1. Count I
Codest argues that Hyatt's breach of contract claim is based on a superseded contract, in violation of the Illinois rule that, where a contract is modified by a subsequent agreement, suit must be brought on the contract as modified and not on the original agreement. See Northwest Lincoln-Mercury v. Lincoln-Mercury Div., Ford Motor Co., 158 Ill. App. 3d 609, 613, 511 N.E.2d 810, 813, 110 Ill. Dec. 633 (1st Dist.), appeal dismissed, 116 Ill. 2d 562, 113 Ill. Dec. 303, 515 N.E.2d 112 (1987). Thus, Codest argues that the 1991 Amendment took the place of the 1990 Letter Agreement and that Hyatt may not rely solely on the provisions of the latter document.
In response, Hyatt notes that the Amendment signed by Codest, Volage, and Hyatt in January 1991, while modifying the scope, design, and cost of the project and providing for a payment schedule to Codest by Volage, explicitly stated that "Except as expressly amended hereby, the terms of the Letter shall remain in full force and effect."
This argument, in combination with other evidence presented by Hyatt and this court's disposition of the issues related to the motion to strike the affirmative defenses, supports the conclusion that there may be facts which, if proven by Hyatt, would entitle it to recovery on its breach of contract counterclaim. Thus, Codest's motion to dismiss Count I is denied. Of course, as this court stated in its Minute Order of May 7, 1996, "Codest is free to move for summary judgment on the counterclaim concerning Hyatt's agency status." Such a motion, however, should await the conclusion of all discovery.
2. Count II
Codest argues that Hyatt's claim for breach of the duty of good faith should be dismissed as duplicative because an alleged breach of an express contract term does not give a contract party two independent claims for relief: one for breach of contract and one for breach of the duty to deal in good faith. A claim for breach of the duty to deal in good faith that merely reiterates the allegations of a separate breach of contract claim should be dismissed. See Pepsico, Inc. v. Vita-Fresh Vitamin Co., Nos. 85 C 1794, et al., 1986 WL 4456, at *2 (N.D. Ill. 1986). This rule is based on the principle that an obligation to deal in good faith is implied in all Illinois contracts as an "aid and furtherance of other terms of the agreement of the parties." LaScola v. US Sprint Communications Corp., 946 F.2d 559, 565 (7th Cir. 1991) (citation omitted). This principle precludes separate claims for breach of implied good faith duties that allege only violation of express contractual terms.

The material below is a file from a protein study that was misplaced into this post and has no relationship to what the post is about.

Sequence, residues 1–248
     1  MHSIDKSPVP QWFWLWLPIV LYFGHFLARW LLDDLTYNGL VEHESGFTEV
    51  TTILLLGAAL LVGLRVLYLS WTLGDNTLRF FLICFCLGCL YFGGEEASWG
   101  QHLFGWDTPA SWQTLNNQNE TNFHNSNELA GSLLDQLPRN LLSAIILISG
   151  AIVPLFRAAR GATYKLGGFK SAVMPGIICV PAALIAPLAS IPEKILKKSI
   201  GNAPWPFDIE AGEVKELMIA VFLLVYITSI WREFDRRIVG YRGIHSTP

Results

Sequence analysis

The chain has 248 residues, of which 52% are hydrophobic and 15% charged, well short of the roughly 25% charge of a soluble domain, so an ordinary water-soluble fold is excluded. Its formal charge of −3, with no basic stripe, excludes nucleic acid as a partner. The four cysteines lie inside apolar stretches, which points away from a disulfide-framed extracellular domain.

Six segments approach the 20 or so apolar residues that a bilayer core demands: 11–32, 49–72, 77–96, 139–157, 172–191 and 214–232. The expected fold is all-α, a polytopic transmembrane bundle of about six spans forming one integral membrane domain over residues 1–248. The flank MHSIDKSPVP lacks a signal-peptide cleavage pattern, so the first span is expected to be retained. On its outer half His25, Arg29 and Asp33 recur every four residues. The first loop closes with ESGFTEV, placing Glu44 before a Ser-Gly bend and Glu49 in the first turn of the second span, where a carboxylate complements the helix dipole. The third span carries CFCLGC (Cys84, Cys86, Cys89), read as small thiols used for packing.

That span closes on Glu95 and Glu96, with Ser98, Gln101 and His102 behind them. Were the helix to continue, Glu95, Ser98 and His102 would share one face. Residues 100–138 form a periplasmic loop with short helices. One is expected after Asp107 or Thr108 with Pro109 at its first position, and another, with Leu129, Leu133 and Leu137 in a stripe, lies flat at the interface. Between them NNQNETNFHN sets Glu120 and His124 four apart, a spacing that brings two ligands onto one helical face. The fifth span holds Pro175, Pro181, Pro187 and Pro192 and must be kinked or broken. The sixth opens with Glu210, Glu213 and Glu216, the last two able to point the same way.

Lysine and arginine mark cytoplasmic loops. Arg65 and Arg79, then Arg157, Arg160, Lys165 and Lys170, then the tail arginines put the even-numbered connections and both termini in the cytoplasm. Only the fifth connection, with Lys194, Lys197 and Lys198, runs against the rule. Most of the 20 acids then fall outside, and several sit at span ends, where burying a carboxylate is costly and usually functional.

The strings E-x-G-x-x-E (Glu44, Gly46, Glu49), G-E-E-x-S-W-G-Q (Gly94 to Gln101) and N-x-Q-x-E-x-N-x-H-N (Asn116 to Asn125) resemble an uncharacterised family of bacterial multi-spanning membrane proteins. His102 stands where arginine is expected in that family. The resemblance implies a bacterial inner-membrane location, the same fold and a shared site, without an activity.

In this case, both Count I and Count II rely on the same provisions of the 1990 Letter Agreement. Therefore, Count II will be dismissed as duplicative.
WHEREFORE, for the foregoing reasons, plaintiff's motion to strike defendant's affirmative defenses is granted in part and denied in part. Defendant's fifth and seventh affirmative defenses are dismissed without prejudice. Defendant has until January 15, 1997 to amend its pleadings to cure the defects noted above. Plaintiff's motion to dismiss defendant's counterclaim is granted in part and denied in part. Count II of defendant's counterclaim is dismissed with prejudice.
David H. Coar
U.S. District Judge
Dated: December 12, 1996